How Gary Liu Is Reinventing The South China Morning Post
Generation T lister Gary Liu has had a busy year to say the least. He joined the South China Morning Post 15 months ago as its CEO, with the objective to transform Hong Kong’s paper of record into a modern global media company.
No easy task, considering the 115-year-old paper was, by Liu’s own admission, “still focused on [a] legacy format” and “relatively myopic to other ways of doing things”. In comparison, Liu is anything but. After cutting his teeth at Google, Liu moved to Spotify, where he led the Swedish streaming giant’s Spotify Labs. Before the SCMP, he served as CEO of news aggregator Digg for just over a year, tripling both its revenue and traffic in the process.
Even at a cursory glance, it’s obvious the SCMP is reinventing every aspect of its identity. From the recent rebrand to its relocation to swish new headquarters, Liu is pushing innovation every stage of the way.
Like all effective leaders, Liu has a complex vision that he can communicate in the simplest of rhetoric. “Today, we are a Hong Kong newspaper,” says Liu. “If you ask most people in Hong Kong what the SCMP means to them, they’ll tell you ‘It’s a Hong Kong newspaper that tells me what’s going on in the world.’ In ten years, when you ask that question to anybody around the world who knows the brand, they should tell you ‘SCMP is a global media company that happens to have an expertise in Asia.’”
During a recent panel discussion at the Great Festival of Innovation, Liu outlined some of the things the SCMP has done to position itself to achieve this bold ambition. Here are five points we picked up from the talk that explain how Gary Liu is transforming the SCMP.
Creating a common language
We started off with language. We had to have common language that we could point to when making change. I think as a leader, your primary job in an organisation is to be a communicator. Not having shared language—whether it’s ‘purpose’, ‘values’ or whatever else, every company calls it something different—it’s very difficult to get 1,000 people with 500 different jobs to point in a singular direction. Especially when that direction is brand new.
We are using a lot of tech for our transformation. On the technology side, the transformation is twofold. The first is the backend, where we focused heavily on building our data infrastructure and rebuilding all our tools so our people can get faster and more productive.
The second big part is consumer product. We’ve had to do a 180 on our understanding of what consumer product for news looks like. A news organisation going digital needs to stop trying to translate its printed products onto an ever-smaller screen. That’s the mistake the news industry has made in the course of the last 15-odd years. We have to start thinking about user experience and consumer product based on what consumers have already told us. They’ve said, “This is what we want. We’ve already made the decision of what discovery should look like, what consumption behaviour should look like, what sharing should look like. You as a news organisation need to play by our preferences.”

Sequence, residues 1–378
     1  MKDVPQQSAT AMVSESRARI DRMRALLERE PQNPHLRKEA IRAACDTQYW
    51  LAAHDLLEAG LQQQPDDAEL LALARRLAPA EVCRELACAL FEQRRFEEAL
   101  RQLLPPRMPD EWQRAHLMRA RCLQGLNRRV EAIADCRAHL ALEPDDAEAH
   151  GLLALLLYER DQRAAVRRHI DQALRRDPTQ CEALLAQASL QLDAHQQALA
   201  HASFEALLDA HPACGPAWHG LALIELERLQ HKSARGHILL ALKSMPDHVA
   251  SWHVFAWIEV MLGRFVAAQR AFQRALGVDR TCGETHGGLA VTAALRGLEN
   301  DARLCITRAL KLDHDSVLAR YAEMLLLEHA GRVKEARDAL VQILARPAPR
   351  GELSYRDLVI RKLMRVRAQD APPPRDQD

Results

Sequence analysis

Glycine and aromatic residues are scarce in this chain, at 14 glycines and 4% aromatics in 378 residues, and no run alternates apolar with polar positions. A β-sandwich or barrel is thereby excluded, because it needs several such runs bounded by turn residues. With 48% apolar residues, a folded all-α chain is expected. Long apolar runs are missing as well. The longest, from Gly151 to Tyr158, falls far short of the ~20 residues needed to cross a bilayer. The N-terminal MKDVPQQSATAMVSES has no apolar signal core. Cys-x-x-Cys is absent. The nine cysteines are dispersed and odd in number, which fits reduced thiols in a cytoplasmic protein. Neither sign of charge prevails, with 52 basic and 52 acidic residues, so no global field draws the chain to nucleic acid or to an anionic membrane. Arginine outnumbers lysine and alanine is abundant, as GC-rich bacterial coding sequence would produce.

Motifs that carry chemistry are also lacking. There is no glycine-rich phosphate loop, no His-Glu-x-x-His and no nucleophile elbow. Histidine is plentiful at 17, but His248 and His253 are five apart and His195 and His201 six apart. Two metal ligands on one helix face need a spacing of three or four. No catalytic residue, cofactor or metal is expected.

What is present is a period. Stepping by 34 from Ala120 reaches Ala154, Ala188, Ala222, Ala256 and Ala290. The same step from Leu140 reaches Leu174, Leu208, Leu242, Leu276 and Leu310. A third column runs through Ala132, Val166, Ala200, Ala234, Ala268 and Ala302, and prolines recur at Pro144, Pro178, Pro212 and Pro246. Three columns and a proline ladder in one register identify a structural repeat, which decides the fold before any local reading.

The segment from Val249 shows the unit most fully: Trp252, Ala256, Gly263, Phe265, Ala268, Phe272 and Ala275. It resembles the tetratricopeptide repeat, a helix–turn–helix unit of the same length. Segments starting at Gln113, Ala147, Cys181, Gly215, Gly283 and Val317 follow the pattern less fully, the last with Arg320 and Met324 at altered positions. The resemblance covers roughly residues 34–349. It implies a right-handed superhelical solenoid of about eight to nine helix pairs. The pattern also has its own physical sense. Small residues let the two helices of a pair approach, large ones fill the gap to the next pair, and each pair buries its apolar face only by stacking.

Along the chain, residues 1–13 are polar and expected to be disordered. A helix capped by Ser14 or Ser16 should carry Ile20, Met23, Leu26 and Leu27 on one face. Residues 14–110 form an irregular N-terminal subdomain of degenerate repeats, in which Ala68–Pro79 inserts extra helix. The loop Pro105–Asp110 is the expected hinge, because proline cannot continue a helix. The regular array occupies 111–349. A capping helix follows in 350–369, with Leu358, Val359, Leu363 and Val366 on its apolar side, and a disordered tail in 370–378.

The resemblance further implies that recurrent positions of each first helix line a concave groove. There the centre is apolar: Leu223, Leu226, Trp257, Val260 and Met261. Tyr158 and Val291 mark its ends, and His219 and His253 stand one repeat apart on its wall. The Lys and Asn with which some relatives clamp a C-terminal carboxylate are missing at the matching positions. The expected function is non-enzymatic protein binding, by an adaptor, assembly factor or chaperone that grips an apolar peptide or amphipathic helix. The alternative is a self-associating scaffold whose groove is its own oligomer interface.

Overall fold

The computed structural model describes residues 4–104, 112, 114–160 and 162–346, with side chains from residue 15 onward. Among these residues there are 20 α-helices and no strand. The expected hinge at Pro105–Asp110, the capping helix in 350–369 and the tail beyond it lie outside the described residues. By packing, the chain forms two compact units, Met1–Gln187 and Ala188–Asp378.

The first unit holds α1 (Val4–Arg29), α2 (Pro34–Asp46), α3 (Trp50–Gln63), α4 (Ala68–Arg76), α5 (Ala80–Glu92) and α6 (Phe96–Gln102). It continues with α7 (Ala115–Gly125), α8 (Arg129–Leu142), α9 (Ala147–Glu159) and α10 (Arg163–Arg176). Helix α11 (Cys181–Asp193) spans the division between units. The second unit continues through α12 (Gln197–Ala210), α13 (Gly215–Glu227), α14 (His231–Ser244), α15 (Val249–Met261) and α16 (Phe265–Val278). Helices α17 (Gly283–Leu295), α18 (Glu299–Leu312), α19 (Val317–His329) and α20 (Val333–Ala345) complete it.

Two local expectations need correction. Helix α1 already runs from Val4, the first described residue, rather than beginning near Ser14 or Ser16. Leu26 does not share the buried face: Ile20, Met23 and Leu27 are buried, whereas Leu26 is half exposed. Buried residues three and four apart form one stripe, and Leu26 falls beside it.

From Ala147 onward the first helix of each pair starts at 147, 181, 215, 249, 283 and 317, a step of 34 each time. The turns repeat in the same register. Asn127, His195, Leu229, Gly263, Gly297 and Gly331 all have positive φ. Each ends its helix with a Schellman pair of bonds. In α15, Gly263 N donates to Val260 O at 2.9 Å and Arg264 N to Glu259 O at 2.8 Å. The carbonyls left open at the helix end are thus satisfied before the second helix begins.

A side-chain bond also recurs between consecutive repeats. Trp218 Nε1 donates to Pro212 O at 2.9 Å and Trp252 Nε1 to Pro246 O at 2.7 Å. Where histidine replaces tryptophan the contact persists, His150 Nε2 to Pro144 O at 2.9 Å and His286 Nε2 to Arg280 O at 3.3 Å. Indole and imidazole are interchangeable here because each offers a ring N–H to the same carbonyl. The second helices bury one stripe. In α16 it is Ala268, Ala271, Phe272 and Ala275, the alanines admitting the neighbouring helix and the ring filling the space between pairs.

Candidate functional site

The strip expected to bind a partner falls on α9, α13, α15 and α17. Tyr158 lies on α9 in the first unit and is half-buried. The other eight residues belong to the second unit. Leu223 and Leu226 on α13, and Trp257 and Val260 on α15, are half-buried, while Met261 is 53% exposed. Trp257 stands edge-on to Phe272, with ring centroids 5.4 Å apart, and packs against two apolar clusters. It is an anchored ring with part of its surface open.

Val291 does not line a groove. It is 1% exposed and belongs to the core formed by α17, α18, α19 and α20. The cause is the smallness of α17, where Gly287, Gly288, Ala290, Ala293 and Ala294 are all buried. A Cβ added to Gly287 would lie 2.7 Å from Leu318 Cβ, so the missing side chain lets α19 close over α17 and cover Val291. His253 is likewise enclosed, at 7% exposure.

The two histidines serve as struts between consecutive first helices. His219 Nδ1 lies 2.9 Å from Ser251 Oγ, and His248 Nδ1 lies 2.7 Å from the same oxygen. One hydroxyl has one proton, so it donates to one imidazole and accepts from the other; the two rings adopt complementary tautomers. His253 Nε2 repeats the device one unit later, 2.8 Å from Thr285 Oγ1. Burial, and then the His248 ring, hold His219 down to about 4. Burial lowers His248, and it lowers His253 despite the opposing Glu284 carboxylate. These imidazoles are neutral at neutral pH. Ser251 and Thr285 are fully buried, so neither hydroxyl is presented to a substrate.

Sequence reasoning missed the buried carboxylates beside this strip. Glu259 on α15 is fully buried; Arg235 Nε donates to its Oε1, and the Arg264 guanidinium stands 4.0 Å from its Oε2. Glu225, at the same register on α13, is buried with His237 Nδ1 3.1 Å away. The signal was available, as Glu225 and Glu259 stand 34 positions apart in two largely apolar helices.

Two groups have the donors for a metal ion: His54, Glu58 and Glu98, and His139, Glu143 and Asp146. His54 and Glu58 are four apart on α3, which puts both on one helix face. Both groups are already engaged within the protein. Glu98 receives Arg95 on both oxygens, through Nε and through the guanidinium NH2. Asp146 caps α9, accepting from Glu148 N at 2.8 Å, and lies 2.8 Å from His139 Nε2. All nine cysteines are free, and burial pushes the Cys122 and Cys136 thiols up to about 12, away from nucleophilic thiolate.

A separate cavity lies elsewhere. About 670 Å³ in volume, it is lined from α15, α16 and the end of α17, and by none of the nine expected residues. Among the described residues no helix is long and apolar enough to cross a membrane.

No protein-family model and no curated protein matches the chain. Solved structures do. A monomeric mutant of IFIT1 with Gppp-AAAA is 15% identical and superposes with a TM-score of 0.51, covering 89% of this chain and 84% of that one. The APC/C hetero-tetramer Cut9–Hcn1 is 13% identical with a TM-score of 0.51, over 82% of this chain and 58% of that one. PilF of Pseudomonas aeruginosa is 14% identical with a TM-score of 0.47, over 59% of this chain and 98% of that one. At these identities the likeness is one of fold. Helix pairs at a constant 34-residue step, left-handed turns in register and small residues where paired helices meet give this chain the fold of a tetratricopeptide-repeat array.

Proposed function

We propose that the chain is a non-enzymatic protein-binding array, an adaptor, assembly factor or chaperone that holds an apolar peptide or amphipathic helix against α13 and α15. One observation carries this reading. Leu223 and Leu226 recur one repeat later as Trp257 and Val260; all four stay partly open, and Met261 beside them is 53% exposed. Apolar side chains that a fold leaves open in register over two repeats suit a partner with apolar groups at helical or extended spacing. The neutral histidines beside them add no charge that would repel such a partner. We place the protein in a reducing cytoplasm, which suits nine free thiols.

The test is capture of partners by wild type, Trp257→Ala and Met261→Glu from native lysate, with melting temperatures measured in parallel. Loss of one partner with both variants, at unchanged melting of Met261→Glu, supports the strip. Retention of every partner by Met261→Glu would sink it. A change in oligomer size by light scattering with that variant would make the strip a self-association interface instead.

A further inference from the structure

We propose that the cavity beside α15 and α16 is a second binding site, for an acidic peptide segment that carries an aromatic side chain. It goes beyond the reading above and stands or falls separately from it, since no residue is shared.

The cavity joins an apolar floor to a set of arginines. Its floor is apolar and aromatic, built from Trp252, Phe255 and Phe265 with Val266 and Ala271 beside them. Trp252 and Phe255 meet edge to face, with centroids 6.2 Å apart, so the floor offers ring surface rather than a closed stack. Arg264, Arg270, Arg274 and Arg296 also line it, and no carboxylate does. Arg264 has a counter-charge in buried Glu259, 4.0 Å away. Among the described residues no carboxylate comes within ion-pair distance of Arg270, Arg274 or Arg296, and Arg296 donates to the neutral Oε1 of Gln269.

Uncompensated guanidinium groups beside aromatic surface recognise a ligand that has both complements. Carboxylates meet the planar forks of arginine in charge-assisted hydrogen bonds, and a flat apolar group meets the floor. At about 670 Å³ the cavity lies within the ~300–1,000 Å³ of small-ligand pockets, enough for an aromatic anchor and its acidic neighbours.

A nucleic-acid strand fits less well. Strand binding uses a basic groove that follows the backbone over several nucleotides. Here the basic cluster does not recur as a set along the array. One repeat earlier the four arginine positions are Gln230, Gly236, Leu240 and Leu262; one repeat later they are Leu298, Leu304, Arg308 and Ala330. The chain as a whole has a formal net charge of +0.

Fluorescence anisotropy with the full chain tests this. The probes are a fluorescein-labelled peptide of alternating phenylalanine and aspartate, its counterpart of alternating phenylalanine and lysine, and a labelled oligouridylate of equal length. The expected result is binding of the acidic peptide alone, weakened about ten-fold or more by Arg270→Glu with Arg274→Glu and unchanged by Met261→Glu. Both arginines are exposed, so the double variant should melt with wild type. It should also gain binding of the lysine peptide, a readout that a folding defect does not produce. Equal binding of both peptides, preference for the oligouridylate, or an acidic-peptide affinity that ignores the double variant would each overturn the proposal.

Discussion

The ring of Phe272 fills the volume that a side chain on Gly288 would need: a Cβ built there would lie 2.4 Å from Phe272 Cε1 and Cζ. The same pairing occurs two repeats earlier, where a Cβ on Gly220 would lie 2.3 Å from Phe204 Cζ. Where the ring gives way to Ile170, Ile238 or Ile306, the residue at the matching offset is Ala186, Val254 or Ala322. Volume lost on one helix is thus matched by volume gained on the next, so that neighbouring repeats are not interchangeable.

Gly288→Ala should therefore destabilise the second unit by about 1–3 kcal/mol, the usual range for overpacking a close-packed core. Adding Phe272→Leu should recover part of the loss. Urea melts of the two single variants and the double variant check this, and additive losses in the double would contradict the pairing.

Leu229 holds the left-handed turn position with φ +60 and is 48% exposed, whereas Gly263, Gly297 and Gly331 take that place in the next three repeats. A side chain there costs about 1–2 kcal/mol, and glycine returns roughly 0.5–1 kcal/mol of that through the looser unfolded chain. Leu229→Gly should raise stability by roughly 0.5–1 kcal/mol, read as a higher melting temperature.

Hiring new talent
When you are trying to change overall infrastructure and how [the company] views consumer product, new talent is the first thing you need. For us it has meant going from a 40-person technology team that covered everything from consumer product to traditional IT, to two separate teams that have around 120 people in total. We’ve tripled the size of our technology team in just the last 12 months, and we hope to grow it even more. So that was first up for us: new talent.
Restructuring for speed
Second was to restructure our team so we can iterate and launch much faster. We used to operate in “waterfall development” like so many traditional companies do, where it takes months for us to decide what to build next, another six months after that to actually build it, and then another two months to QA it, so it’s perfect when it’s launched. [With that model], we’re nine months down the road, consumer behaviour has already changed, and once we launch it’s already somewhat irrelevant and we can’t change it very fast.
Now we do two-week sprints where we launch updates to our web-based and app-based products on a two-week cycle. It’s allowed us to test much faster and react much faster. We’re structuring our organisation to react faster to consumer change, because now there’s a new learned consumer behaviour that matters to us every few months, and we need to understand it and be building for it.
Our goal is to change the environment so grassroots innovation can grow. There’s so many things that we’ve done to allow for that environment, from literally the [new] physical space to the cultural language, but also by changing the incentives structure.
One of the things we’ve done this year is change the way we set company-level goals. It always used to be that a company had an annual goal, and whether or not the company hit that goal determined bonuses.
Now company-level goals are set on a quarterly basis. Every three months we set goals and we’re fully transparent every month about how we’re doing. The achievement of those company-level goals—and the department-level goals that feed into them—does not determine bonuses at the end of the year.
Our aim is to make sure that at the goal-setting process, people feel free to shoot higher than they can sometimes necessarily get to, and are willing—and afforded the space—to fail. In the five quarters we’ve done this, it’s already dramatically changed our people’s ability to think greater than that conservative “Oh, I need to get paid so this is what I’ll say I’m going to be able to achieve”.
Remarks have been edited for clarity and concision.